March 22, 2021 • ☕️ 1 min read
Git’s push —force is destructive because it unconditionally overwrites the remote repository with whatever you have locally, possibly overwriting any changes that a team member has pushed in the meantime. However there is a better way; the option –force-with-lease can help when you do need to do a forced push but still ensure you don’t overwrite other’s work.
A force push overwrites a remote branch with your local branch, regardless of the status of that remote branch (more on force push here). This is not ideal in a team scenario as it might result in one developer overwriting other developers’ commits (this could happen when the developer forgot to do a git pull to fetch the newer commits).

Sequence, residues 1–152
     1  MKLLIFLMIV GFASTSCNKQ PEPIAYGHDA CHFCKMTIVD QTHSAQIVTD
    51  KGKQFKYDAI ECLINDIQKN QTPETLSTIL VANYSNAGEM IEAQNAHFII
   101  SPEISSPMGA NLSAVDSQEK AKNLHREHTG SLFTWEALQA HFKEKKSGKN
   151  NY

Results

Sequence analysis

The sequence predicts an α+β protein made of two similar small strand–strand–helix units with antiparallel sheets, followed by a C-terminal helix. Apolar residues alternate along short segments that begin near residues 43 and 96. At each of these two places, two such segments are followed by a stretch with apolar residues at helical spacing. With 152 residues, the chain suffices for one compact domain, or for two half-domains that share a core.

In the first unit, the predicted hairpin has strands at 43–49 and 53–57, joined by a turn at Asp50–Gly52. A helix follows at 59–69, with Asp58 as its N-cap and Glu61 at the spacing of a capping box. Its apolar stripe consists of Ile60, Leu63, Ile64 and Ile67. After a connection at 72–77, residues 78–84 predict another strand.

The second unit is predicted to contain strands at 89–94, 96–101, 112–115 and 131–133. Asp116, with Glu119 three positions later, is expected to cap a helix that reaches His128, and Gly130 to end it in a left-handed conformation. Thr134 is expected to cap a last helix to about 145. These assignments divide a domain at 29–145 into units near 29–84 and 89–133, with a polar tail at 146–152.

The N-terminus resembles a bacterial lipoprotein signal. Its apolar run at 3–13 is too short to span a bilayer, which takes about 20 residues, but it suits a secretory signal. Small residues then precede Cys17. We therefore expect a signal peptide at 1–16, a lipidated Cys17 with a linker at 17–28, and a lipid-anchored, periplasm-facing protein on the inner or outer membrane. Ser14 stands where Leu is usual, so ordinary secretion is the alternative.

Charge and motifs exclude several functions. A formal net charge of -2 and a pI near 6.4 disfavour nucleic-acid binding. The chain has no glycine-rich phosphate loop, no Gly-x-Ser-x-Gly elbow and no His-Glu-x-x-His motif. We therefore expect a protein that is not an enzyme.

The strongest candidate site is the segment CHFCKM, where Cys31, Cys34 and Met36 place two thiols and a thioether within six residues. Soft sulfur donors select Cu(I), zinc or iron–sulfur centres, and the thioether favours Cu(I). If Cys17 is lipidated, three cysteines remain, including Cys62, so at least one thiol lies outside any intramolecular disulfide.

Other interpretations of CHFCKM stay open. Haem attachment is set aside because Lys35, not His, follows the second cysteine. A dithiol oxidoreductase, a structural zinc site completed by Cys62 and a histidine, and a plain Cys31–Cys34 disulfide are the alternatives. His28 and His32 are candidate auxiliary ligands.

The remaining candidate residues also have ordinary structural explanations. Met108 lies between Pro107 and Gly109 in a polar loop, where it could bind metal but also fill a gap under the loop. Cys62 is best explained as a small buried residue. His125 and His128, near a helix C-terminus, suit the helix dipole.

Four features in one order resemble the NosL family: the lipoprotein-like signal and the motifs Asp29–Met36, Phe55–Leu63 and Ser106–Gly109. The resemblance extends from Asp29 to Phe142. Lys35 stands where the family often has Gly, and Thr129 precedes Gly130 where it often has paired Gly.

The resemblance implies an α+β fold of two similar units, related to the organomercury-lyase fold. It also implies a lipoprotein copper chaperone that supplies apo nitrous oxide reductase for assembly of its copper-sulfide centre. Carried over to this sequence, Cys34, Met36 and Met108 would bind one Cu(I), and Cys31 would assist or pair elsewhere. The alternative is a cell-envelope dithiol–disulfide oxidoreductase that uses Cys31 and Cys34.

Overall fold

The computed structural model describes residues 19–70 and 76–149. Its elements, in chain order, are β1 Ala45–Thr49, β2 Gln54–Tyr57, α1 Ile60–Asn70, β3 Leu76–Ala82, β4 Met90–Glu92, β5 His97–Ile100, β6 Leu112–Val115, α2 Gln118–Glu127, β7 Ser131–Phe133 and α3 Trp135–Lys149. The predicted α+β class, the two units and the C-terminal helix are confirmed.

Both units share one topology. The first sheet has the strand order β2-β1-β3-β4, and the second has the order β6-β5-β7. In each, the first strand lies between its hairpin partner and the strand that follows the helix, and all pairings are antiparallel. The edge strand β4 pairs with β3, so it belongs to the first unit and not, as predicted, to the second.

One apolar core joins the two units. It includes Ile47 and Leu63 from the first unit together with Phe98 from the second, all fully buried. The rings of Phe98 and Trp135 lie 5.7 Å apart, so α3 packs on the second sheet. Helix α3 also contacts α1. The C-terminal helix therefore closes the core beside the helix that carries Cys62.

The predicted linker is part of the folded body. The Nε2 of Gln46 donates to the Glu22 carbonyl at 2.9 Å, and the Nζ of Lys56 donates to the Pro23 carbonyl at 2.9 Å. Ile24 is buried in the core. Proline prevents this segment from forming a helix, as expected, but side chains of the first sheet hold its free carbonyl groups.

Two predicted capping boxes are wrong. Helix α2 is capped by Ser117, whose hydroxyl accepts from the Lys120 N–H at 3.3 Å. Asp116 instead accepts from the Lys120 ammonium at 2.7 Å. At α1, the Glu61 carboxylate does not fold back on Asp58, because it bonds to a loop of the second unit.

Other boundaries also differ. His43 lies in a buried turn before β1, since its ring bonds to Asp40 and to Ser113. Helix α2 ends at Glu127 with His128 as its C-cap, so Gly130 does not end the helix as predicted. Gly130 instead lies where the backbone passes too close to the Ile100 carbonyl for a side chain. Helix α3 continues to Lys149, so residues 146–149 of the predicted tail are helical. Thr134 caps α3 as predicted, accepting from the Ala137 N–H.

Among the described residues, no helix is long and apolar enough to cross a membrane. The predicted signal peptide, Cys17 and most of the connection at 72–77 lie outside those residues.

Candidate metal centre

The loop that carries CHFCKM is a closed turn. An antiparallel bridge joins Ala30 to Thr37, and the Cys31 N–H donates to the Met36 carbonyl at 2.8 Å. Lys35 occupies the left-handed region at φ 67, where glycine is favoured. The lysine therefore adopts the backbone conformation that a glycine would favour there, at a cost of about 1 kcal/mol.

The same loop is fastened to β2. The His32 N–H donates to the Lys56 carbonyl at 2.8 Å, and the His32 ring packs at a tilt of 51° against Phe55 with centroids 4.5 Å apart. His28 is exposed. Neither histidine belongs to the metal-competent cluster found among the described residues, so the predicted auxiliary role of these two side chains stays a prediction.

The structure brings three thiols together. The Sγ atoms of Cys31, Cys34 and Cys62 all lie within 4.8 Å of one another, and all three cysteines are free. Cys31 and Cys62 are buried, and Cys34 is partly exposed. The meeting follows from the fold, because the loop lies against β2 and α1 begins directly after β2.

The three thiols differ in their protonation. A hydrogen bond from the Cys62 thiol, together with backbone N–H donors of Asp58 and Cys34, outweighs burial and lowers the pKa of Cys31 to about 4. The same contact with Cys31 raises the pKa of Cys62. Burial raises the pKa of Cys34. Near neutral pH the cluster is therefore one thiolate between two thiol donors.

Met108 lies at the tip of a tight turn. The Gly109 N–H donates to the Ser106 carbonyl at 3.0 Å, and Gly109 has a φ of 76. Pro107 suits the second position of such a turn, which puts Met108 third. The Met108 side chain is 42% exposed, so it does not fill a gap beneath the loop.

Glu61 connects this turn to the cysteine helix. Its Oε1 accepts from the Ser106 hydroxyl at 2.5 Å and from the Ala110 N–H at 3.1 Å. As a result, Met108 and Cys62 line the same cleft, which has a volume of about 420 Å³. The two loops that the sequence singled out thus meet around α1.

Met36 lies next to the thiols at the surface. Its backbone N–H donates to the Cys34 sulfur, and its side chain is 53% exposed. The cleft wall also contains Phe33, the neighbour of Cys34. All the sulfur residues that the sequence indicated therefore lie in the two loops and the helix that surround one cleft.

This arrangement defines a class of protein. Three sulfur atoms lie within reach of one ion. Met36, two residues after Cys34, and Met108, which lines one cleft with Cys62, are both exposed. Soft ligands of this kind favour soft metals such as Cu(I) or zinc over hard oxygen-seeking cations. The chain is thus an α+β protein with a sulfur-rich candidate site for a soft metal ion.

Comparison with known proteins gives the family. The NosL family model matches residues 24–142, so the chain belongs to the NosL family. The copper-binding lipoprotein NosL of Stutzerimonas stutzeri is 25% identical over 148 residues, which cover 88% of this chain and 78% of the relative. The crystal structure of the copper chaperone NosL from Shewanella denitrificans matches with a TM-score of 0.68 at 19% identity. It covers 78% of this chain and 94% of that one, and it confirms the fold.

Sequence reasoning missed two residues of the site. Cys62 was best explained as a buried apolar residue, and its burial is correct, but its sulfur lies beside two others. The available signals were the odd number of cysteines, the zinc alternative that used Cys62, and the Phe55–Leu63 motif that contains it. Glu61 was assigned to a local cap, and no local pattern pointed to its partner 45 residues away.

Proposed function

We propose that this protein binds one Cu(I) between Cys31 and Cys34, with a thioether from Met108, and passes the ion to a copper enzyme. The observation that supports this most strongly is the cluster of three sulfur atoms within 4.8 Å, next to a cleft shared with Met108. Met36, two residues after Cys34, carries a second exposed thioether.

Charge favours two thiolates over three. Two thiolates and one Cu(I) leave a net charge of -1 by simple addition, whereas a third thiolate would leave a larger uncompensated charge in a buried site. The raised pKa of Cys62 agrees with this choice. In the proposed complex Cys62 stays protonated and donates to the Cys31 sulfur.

Enter the safer alternative: git push —force-with-lease
Force with lease gives you the flexibility to override new commits on your remote branch, whilst protecting your old commit history: